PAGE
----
"I forgive them," said Eleri. "I always wanted to give them the benefit of the doubt because I (once) valued their friendship. They didn't get the intervention they needed either. The school failed me and them."

Ramey agreed. "We don't blame the girls for what happened," she told TODAY Parents, adding that she argued for "zero negligence" on one minor named in the suit.

When asked for comment, El Segundo Unified School District Superintendent Melissa Moore told TODAY Parents in a statement:

“As a school district, we respect the ruling of the court and acknowledge the findings of the lawsuit. The next steps are up to our legal counsel. As we move forward, we are committed to self-improvement and doing everything we can to prevent bullying in our schools."

The statement referenced specific steps to prevent future incidents: The addition of two Student Safety Assistant positions at two of its elementary schools and a "tailored security assessment for all schools" along with "the implementation of a comprehensive school district safety plan."

"Additionally, we have implemented a series of recommendations from a third-party comprehensive safety assessment that was conducted in 2018," read the statement. "These include behavioral threat assessment protocol training for staff, the use of We Tip website to anonymously report concerns related to bullying, physical safety enhancements at our middle and high schools, and two new safety staff members. As an extra layer of protection, our Gaggle alert system flags any potential bullying occurring online."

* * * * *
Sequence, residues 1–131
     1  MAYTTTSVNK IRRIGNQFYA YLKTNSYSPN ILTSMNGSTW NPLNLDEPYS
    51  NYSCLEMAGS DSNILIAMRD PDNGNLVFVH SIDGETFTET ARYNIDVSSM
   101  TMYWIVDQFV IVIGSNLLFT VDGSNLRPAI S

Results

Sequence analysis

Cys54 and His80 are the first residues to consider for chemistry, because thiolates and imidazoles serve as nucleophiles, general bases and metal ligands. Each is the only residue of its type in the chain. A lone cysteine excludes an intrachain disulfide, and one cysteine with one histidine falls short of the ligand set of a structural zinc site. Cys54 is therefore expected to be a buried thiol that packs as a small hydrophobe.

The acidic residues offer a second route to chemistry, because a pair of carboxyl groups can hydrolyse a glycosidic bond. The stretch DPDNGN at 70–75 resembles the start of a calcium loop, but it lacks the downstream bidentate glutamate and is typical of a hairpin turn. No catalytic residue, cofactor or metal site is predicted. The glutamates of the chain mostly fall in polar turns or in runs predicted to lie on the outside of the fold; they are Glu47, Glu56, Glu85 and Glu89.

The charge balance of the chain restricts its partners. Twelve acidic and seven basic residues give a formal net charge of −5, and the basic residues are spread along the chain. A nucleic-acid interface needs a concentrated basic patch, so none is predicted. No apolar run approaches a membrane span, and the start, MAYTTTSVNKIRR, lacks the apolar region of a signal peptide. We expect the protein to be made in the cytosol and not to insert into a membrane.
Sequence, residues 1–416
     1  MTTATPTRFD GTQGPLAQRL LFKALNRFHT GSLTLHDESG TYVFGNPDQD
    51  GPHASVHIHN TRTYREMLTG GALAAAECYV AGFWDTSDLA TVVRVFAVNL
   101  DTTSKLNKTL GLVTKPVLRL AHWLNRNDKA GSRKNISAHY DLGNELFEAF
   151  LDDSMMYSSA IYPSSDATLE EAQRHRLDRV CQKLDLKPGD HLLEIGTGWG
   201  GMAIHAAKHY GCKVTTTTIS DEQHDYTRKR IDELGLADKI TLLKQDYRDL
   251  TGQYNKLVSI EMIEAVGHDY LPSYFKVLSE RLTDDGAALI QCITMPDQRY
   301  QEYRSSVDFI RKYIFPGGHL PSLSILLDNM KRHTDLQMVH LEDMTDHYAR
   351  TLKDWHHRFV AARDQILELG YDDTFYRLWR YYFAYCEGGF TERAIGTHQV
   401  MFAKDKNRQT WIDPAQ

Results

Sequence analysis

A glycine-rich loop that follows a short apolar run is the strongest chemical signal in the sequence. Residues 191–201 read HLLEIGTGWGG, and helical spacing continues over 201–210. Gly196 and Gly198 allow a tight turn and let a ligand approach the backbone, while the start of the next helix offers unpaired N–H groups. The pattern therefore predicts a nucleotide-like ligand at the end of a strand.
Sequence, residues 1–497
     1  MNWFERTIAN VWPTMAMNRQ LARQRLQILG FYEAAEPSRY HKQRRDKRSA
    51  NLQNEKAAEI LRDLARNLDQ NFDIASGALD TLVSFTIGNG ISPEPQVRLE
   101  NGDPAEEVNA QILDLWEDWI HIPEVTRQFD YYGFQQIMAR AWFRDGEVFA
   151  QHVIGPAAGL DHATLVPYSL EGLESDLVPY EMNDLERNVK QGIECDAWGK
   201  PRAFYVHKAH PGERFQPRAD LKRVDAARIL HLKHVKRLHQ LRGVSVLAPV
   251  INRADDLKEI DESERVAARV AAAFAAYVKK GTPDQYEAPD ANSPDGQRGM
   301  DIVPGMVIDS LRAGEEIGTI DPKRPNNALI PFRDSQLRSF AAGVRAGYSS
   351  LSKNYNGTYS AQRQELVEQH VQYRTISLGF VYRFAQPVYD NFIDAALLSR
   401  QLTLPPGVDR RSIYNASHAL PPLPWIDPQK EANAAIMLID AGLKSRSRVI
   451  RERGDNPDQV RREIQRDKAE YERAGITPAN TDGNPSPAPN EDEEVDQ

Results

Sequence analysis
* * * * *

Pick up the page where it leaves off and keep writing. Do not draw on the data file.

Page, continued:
"The safety and wellbeing of our students is our top priority," concluded the statement. "We will continue to take the steps necessary to ensure a safe, welcoming, and inclusive learning environment for all.”

Eleri, who has gotten therapy since middle school, now attends the University of San Diego where she studies neuroscience.

"Part of the reason I became interested in psychology and neuroscience is because of this experience,” she said, adding that she hopes to work with adolescents. "I was curious how people could do something of this nature.”

Eleri also received letters and notes from people who were once bullied.

"Now they feel comfortable sharing their stories," she said. "I want to use my voice to give others a voice."